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Spectators often regard competitive obedience as an extremely serious dog sport. But for Sally Sherman, it’s all about making it as much fun as possible. And this positive approach is undoubtedly a big part of the reason her 10-year-old Golden Retriever “Boom” (OTCH6 Hi-Star Stealin’ All The Thunder UDX17 OGM BN GO RN) shows no signs of being ready to retire.

Boom may be the oldest dog competing at the 2023 AKC Obedience Classic, but this peppy partnership doesn’t plan on letting that stop them from being in contention for a top placement. The 10th AKC Obedience Classic takes place on December 16 and 17 in Orlando, FL. as part of the AKC National Championship Week.

A Long Line of Winners

Sherman has been training dogs for over 25 years. While she started in obedience with the goal of having a better-trained dog, she ended up getting hooked on the sport. Her first foray was with her Golden Retriever, “Ute.” Sherman had limited knowledge at this stage, and says that Ute, while a wonderful dog, had shoulder issues that curbed their endeavors.

Sherman’s competitive career began in earnest with “Zing,” her second Golden Retriever. “I was so lucky to be considered for a puppy out of a real performance litter in Texas,” she says. “I ended up getting an OTCH [Obedience Trial Champion Title] and a MACH [Master Agility Champion Title].” Zing was a special, sound, competitive dog who had a profound effect on Sherman, so much so that she decided to breed from her.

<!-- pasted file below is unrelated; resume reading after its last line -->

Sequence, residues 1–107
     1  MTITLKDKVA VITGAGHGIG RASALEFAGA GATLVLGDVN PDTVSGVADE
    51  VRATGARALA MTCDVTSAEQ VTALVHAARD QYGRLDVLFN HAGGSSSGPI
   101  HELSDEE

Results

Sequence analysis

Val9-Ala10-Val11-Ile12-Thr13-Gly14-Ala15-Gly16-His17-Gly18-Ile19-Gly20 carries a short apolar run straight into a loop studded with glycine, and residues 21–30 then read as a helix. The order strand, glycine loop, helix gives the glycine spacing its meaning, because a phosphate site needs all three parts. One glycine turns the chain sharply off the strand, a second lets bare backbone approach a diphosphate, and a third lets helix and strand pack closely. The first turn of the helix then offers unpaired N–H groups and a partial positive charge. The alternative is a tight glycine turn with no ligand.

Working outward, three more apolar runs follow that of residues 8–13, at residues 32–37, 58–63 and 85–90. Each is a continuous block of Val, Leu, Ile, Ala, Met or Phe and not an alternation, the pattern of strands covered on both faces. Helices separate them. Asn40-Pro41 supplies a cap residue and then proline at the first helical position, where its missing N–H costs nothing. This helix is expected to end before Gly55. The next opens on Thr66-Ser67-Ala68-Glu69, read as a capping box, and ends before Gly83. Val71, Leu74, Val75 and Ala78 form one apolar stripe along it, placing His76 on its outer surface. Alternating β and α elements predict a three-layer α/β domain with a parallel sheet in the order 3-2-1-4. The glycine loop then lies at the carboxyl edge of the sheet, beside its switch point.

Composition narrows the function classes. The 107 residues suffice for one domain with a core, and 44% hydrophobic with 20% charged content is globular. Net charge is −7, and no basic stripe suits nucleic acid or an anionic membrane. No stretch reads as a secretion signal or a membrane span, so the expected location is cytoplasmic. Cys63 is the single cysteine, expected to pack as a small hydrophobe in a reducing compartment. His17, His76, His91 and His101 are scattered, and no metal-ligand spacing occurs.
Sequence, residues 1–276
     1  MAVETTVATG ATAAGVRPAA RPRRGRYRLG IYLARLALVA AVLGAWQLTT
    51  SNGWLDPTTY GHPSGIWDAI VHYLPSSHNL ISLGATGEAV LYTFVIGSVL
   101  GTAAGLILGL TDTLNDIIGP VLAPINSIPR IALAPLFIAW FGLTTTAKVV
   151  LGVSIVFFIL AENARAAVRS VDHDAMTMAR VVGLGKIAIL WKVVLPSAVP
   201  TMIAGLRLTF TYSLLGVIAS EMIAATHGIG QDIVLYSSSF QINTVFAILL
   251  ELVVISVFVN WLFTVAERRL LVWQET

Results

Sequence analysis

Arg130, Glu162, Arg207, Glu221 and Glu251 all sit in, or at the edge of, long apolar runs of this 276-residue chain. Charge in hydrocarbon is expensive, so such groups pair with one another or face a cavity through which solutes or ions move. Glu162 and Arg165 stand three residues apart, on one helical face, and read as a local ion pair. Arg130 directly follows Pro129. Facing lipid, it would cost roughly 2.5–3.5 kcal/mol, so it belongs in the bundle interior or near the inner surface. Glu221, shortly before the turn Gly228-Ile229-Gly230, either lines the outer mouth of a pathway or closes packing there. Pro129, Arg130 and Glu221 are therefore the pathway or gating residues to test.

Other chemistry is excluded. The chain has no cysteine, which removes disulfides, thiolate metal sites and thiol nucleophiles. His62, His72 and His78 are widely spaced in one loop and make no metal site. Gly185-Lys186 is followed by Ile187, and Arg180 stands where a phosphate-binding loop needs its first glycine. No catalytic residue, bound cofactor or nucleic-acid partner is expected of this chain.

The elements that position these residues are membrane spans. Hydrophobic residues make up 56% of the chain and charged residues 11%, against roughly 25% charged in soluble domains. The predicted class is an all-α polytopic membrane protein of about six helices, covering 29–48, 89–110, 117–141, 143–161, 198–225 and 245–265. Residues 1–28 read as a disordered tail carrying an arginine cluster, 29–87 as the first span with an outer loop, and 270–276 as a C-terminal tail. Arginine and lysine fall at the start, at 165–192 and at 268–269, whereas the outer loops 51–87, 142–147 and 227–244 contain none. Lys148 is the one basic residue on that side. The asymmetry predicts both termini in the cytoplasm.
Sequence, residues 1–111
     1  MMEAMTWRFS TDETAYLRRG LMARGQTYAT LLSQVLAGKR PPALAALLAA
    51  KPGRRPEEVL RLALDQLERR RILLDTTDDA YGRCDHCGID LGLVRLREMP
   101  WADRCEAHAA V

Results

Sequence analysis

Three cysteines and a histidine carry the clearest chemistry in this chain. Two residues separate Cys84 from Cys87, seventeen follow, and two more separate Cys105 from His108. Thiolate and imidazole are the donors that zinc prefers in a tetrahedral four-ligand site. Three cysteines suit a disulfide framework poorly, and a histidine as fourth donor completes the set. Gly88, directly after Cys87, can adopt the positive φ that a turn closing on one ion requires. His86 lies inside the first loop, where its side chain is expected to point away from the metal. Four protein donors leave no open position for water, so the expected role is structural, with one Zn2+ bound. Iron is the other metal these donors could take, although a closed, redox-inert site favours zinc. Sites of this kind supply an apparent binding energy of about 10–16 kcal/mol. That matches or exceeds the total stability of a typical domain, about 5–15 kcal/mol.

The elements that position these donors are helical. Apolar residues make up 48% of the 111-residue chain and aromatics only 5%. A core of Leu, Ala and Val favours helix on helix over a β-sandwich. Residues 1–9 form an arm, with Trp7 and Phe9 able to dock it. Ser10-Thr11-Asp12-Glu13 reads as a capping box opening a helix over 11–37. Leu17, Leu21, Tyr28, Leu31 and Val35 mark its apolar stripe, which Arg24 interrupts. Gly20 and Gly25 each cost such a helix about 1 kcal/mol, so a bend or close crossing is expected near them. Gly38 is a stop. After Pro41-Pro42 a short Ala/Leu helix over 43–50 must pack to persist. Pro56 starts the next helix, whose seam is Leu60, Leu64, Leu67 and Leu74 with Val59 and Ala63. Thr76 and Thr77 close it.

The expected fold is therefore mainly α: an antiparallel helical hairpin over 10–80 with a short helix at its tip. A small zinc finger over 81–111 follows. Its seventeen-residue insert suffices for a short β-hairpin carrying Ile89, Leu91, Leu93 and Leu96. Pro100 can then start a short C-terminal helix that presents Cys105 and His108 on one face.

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Her next Golden Retriever, “Shine,” came from Zing’s litter of seven puppies. “Shine was an extremely special girl as well,” Sherman says, while holding back tears. Shine’s obedience career was outstanding. For two consecutive years, the pair placed seventh at the NOC. “Placing in the top ten is a real honor,” Sherman says. “She also earned the High Combined Award at the 2015 GRCA National Specialty, winning the Utility class and placing second in Open in very large classes (45 to 60 dogs).” Their strong partnership also extended to competitive agility. Shine was on her way to achieving a MACH before Sherman got a knee injury. Such was their bond that Sherman also decided to breed from Shine. And that’s how Boom entered the picture.

‘Boom’ the ‘Bag Lady,’ Famous in the Obedience Circuit

From the beginning, Sherman says that Boom had a special, sunny personality. “When she was five weeks old, she was out playing with the other puppies. She saw a garbage bag blowing in the wind and was the only one of the litter that went to explore,” she says.

That unique personality continues to shine ten years later. “In her early career, Boom would get a little stressed at dog shows,” Sherman says. She ended up finding a very unique remedy. “I found that letting her have a bag kept her happy.” Even though she now loves attending shows, she continues to gently carry around bags of treats in her mouth. Sherman says everybody on the show circuit knows Boom as “the bag lady,” and she has brightened many people’s days.

Much like Sherman’s previous Goldens, Boom is an obedience star. According to Sherman, Boom’s biggest accomplishment is her rankings with the Golden Retriever Club of America. “In 2021, she was the number one Toby-Trigger Utility Dog,” she says. The dog who earns the most points from placements throughout the year gets to have their name inscribed on the trophy. She was also the number one Golden Retriever for AKC High Combined, earning the highest scores across the Open and Utility classes. “She just missed being number one in High in Trials, too, by one point,” Sherman says.